Flashpoint Campaigns : Red Storm [Review]
Flashpoint Campaigns : Red Storm Review
was developed by On Target Simulations and released by Slitherine Ltd in 2013.
You take on the role of an all seeing Commander for either the NATO forces, or the incoming Warsaw Pact forces. As the game lays it out, the Warsaw Pact has struck while NATO was woefully unprepared. In fact it looked like the Cold War was coming to an end. Game wise it sets the tone for NATO to be the defender, and also scrambling to hold the border.
Flashpoint Campaigns has one very unique mechanic that elevates this game beyond just another hex and NATO counter game. Orders.
Without this mechanic the game would be pretty bland. In fact a lot of the issues with the game, that I’ll get into later, are overshadow by the cool way that orders are handled. First off, you are usually working in a zone where there is a high level of jamming or radioactive interference. You might have to send runners (simulated by the time) or even have units out of command range do nothing.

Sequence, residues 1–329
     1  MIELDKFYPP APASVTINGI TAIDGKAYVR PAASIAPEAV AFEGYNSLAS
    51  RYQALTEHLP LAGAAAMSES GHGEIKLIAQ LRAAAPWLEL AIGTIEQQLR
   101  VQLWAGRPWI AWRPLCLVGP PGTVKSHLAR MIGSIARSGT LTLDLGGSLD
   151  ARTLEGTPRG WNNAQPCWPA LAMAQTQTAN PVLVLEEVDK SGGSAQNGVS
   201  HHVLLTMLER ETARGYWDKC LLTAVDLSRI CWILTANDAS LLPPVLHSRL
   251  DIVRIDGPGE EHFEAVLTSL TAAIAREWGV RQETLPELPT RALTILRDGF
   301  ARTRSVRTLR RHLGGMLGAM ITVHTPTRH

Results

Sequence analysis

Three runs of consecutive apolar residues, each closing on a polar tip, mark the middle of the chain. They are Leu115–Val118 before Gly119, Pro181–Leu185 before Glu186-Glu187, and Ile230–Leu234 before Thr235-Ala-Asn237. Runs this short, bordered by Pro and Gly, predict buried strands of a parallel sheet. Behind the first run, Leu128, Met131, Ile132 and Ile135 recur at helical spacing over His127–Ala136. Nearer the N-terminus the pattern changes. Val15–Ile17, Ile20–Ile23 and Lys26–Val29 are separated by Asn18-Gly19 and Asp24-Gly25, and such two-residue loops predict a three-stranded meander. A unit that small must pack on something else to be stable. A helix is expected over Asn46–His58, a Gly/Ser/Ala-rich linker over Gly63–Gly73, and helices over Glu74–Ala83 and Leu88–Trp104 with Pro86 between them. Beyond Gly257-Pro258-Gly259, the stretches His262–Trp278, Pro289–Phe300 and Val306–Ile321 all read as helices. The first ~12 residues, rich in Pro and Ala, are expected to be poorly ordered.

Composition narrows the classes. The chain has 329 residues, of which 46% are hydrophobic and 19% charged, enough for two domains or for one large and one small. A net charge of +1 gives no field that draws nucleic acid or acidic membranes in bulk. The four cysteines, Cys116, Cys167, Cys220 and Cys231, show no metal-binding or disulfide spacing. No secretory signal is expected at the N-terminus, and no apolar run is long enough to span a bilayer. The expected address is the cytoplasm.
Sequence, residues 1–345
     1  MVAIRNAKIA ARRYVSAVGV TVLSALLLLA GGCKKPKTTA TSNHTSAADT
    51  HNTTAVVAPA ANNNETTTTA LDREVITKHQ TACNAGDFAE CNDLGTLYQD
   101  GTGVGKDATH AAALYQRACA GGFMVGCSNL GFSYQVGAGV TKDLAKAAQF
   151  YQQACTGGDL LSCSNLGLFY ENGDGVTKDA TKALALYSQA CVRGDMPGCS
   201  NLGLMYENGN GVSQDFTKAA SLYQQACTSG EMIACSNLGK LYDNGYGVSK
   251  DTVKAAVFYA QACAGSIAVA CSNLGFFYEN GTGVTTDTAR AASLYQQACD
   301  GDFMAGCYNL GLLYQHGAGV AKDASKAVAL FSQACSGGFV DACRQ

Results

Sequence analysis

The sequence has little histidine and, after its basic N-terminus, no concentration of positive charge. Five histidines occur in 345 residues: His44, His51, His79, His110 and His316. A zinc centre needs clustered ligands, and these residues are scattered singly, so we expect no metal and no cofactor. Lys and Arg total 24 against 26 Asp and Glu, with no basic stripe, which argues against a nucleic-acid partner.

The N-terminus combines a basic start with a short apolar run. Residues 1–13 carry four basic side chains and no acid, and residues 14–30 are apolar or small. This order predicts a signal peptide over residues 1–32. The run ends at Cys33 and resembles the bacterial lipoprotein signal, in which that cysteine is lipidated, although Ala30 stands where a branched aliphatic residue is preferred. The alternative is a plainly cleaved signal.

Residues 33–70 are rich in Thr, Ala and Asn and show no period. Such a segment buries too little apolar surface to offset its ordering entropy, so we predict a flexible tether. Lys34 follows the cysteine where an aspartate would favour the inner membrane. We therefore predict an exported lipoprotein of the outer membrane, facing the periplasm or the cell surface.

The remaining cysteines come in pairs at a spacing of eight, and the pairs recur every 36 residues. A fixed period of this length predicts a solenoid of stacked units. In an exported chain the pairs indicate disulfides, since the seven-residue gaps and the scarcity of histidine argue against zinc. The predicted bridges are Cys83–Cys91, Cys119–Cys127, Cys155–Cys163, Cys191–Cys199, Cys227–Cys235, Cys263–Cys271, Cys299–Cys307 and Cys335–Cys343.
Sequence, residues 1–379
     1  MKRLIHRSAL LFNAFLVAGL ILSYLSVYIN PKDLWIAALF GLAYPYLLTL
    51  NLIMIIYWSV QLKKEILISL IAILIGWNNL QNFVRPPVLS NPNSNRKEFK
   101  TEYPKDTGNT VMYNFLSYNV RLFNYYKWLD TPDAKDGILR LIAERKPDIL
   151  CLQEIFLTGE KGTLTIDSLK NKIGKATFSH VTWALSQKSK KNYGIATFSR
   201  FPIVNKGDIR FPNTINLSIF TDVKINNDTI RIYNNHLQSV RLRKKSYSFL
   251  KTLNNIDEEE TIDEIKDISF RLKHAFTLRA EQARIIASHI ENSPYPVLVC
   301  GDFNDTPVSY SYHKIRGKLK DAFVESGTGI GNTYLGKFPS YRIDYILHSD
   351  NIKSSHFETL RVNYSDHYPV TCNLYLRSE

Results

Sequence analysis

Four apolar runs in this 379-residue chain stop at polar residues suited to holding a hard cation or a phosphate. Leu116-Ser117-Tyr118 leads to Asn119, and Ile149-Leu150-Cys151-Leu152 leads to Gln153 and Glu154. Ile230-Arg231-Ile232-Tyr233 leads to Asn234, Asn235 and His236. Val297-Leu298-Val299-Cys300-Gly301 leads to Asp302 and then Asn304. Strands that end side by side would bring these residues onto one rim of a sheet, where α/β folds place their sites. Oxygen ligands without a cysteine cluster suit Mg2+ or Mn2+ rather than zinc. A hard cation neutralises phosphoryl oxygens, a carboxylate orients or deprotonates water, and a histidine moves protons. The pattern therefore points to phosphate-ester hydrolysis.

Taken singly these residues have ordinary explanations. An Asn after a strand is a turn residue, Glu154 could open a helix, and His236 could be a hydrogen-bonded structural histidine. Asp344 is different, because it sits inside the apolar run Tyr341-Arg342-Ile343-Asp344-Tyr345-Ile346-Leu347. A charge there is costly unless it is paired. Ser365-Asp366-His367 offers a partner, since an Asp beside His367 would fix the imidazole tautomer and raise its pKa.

You might be an all seeing eye in the sky, but you are not an omnipotent general who can steer units exactly where you want. You can try. And your units will do their damnedest, but if they’re caught in the open, or ambushed in a city, they’ll attempt to deal with the situation as best they can.